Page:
As anyone who has ever caught a glimpse or seen a photo of a stranger who looks just like them will know, finding one’s doppelgänger can be an unsettling experience. But for creative leaders and innovative organisations, the concept of doppelgängers might be a useful tool to achieving desired results.

By Imagineering – the process of imagining the future and engineering it into reality – you might use the Doppelgänger Effect to identify a leader you would most like to be like, and then adopt some of their traits and skills.  You could even do the same to seek out other organisations you would like your own to be like, and adapt some of their success strategies.

As a creative visualisation tool this could help both leaders and organisations grow into their potential.

Your doppelgänger could be real or fictional, from historical, contemporary, or futuristic contexts, or even a hybrid. And it doesn’t have to be a perfect match on every aspect of the business.

For example, as a leader, I’d like my doppelgänger to be Jean Luc Picard, the fictional captain of the Star Ship Enterprise, for his focus, expertise, decisiveness, and ability to inspire and motivate.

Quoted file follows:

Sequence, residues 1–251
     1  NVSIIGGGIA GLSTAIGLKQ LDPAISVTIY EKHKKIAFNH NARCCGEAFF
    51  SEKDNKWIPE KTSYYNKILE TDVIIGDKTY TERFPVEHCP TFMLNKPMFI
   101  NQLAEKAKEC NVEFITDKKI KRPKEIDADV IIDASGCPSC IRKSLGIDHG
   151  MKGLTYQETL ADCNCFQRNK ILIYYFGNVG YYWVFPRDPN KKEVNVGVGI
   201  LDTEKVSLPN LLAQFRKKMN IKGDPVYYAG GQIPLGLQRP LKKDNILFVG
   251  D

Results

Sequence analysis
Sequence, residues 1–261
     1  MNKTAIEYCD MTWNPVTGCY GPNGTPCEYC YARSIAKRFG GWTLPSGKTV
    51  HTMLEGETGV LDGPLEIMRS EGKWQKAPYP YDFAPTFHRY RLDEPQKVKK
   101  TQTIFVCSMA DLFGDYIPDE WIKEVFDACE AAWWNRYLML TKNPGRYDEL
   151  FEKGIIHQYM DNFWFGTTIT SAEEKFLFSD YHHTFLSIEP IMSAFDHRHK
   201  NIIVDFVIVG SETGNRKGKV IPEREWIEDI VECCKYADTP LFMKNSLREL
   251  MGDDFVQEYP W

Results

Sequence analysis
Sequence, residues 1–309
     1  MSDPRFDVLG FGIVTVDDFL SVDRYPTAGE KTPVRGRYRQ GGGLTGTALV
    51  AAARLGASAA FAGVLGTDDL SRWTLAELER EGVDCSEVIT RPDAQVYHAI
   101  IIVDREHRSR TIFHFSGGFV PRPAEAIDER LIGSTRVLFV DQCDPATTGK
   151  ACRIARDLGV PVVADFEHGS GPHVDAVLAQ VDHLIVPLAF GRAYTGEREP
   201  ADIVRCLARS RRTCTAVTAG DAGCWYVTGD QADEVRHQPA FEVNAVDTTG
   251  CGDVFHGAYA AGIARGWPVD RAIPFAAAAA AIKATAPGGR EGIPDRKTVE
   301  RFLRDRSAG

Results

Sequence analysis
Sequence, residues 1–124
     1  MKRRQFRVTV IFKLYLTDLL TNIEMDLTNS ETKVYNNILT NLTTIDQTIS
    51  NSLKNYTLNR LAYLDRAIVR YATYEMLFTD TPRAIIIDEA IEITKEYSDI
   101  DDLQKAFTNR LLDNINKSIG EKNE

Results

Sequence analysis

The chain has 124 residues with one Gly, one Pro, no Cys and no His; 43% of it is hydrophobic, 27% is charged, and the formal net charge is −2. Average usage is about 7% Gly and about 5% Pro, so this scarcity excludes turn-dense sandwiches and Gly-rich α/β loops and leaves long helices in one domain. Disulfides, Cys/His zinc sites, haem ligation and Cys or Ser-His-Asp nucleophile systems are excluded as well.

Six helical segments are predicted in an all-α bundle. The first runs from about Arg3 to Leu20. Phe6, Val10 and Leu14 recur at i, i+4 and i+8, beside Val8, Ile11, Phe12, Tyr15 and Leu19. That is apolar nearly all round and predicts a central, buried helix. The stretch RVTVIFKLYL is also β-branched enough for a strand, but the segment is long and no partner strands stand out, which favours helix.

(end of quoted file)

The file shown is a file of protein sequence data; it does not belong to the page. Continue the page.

For Mindwerx as an organisation, I’d like to have many of the attributes displayed by Disney, particularly during the days when Disney World was being created.  Disney’s creativity, foresight, customer focus, and determination to succeed, all in the pursuit of bringing happiness to its audience, are very inspiring for me.


  Patrick Stewart      Bill Jarrard        Jean Luc Picard  

Of course I’m a long way from being like these two, but that’s where another good visualisation technique comes into play: BHAGs (Big Hairy Audacious Goals).  By setting sights high, we can be continually motivated, and while they might never be fully achieved, progress towards the vision is almost certain to have a positive impact. After all, it is the journey that counts.

Employing the Doppelgänger Effect is not about simply emulating our doppelgänger’s success, but examining more closely what it is they do or represent that we admire. For example, simply saying, ‘I want to be like Steve Jobs was and I want my company to be as big and successful as Apple’, is unlikely to be helpful in attaining your organisation’s goals.

But scrutinising your admiration and saying instead, ‘I want to develop the same passion for perfect design that Jobs seemed to have, and I want us to push the edges of what is possible with technology the way Apple does’, may help you to achieve the results you want.

So who would your Doppelgängers be, and what is it about them that you might replicate, adopt, or adapt to your own purpose and mission.